* * * * Trigger Alert: This post deals with physical and sexual abuse of children. It’s mostly non-specific and doesn’t go into graphic details, mostly chronicling the emotional response of this first-responder to the event. * * * *
Last week, for the first time in I don’t know how long, the job made me feel cracked open and emptied out. I know why. Much as it hurt, I tip my hat to the somber reminder of my own humanity and keep it moving, wiser and stronger for it.
I’ve written on this blog and at The Rejectionist about how the action of healing, even when the patient doesn’t make it, is a built-in instant form of self-care. We don’t carry around the ghosts of all the horrible shit we see because we don’t just see it, we work with it, throw our bodies and minds full throttle into the thick of it and become, however momentarily, part of the story. There’s a cleansing that comes with taking action, even action that ultimately fails. It’s as true in the larger community/world aspect as it is in the day to day grind of this job.
Anyway, that’s exactly what didn’t happen last Tuesday and that’s exactly why I struggled with it so much after that fact. My mind was already heavy with the Penn State rape tragedy. Think it was a day or two after the JoePa riots and the news was all awash with creepy justifications, including that ghastly interview with Sandusky himself, and that shit was weighing on me. They sent us to a “BURNMAJOR” job. PD had been called in on a child abuse alert and found burn marks, old ones, on the kids arm.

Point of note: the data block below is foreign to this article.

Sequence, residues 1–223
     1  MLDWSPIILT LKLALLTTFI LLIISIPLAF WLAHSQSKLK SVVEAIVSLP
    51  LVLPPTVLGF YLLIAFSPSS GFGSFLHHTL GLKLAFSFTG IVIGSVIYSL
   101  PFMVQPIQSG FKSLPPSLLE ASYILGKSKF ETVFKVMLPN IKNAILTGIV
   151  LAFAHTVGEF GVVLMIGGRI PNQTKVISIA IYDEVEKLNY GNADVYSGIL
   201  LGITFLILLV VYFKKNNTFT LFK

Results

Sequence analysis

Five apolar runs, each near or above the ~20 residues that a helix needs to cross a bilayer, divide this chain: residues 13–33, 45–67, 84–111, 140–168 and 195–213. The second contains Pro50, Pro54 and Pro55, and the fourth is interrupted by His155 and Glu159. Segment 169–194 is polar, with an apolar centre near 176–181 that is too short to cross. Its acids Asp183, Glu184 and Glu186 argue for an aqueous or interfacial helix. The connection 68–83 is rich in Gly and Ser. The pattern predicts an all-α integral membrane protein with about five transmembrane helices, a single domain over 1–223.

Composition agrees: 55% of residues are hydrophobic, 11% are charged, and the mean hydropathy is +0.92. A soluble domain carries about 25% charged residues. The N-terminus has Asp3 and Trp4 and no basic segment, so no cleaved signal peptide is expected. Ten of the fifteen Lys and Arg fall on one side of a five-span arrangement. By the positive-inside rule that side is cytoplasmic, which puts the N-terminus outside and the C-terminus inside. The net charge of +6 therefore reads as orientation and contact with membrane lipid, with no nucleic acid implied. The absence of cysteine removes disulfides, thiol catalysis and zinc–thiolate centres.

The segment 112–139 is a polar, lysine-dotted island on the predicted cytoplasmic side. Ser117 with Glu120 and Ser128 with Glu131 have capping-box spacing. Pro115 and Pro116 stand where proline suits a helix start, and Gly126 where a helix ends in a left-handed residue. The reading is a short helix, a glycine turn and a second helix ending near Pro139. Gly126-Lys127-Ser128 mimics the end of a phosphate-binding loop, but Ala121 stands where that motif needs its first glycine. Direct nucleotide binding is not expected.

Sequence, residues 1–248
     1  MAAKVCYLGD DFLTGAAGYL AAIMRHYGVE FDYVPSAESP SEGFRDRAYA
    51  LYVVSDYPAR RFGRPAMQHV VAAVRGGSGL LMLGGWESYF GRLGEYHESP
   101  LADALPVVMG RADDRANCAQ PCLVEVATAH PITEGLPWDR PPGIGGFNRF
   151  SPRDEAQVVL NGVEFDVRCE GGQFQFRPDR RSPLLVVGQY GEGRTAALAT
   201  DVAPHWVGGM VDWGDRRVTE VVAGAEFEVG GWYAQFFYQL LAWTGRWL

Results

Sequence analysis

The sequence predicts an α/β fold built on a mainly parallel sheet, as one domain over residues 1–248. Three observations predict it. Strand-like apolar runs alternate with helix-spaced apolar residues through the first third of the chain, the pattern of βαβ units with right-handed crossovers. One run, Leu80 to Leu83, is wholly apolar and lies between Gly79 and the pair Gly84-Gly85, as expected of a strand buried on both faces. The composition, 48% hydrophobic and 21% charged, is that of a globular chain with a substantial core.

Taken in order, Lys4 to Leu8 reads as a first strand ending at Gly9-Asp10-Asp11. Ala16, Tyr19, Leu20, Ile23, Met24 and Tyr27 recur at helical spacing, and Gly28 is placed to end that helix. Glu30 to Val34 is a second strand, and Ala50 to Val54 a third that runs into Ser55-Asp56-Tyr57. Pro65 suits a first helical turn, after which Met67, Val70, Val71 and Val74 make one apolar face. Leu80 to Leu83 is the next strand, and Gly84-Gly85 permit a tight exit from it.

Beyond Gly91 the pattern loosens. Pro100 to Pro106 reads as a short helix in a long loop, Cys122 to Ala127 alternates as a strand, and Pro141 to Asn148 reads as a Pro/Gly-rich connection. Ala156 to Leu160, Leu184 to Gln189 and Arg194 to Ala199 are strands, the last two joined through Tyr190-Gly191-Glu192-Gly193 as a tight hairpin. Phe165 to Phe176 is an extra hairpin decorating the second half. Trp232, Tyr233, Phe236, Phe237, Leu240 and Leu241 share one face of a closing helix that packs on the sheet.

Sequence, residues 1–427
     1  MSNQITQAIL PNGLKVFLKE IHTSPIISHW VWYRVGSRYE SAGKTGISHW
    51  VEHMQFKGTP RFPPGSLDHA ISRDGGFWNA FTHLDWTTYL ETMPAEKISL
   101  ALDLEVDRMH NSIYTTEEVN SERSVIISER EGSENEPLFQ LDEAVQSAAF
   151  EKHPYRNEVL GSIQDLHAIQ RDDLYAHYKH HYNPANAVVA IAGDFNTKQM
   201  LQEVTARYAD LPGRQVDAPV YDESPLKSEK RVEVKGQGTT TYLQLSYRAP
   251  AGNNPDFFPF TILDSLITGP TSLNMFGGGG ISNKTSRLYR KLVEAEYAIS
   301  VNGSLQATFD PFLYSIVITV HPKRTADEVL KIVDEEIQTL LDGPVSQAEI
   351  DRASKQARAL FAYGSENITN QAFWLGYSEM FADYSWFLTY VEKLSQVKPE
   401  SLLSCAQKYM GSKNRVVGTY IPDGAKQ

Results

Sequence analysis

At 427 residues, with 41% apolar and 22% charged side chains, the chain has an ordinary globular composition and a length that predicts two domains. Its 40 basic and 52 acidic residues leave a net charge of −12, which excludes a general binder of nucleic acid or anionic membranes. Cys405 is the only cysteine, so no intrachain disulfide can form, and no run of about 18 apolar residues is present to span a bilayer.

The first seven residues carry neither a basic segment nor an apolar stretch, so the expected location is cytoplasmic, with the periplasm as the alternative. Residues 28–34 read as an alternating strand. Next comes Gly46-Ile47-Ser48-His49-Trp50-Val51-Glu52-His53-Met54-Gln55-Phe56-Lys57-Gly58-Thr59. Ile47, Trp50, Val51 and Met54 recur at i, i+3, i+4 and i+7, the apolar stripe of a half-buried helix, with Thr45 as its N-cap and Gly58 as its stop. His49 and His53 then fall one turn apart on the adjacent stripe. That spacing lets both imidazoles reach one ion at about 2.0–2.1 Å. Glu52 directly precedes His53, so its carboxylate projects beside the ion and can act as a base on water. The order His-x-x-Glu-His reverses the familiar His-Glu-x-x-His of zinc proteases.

I’m not gonna do details right now. It’s all horrific, triggering type stuff and not necessary to the story. I’ll just say that without anything being acutely wrong with the kid – who was running around and laughing, giving everyone high-fives – it was still the worst, most horrific job I’ve ever been on, for the unravelling of each nauseating detail of abuse as the detectives and my partner and I tried to understand what had been going on.
And then we drove them to the hospital, dropped them off and that was that. No IV, no oxygen needed, just some highfives and smiles and a gentle ride without lights or sirens. It was the end the tour and there was paperwork to be done and supplies to be restocked and radios to be handed off to the oncoming crew. And I felt…empty. Angry and horrified and full of sorrow and wrath and disbelief and heavy with the confused imaginings of wanting to deck the bastard who did it and knowing how useless and stupid an action that was and wanting to be still and hurl curses at the sky and run and call up everyone I knew and be all alone, all at the same time. And still; horribly empty.
It was raining when I walked out of the hospital and down Gun Hill Road towards the train. The Brooklyn-bound 4 was empty but thoughts of the past hour crowded in on me; the dull throbbing sorrow of nothing-you-can-do and the clenched up frustration of a hundred impossible thoughts. I let them come, mostly because I knew there was nothing I could do to stop them. And when the only action that’s left to us is processing, that’s what it has to be.
I’m blessed to have those sacred type of people close to me that know how to be there just enough in times of need without overwhelming; people that can be light with my heaviness and prod me to go deeper when I try to fake blow it off. Over the course of the night, through sad, hilarious, challenging conversations with
myself and my loved ones, I resurfaced, found my feet again, stopped feeling so empty and so began another day, full and ready for life.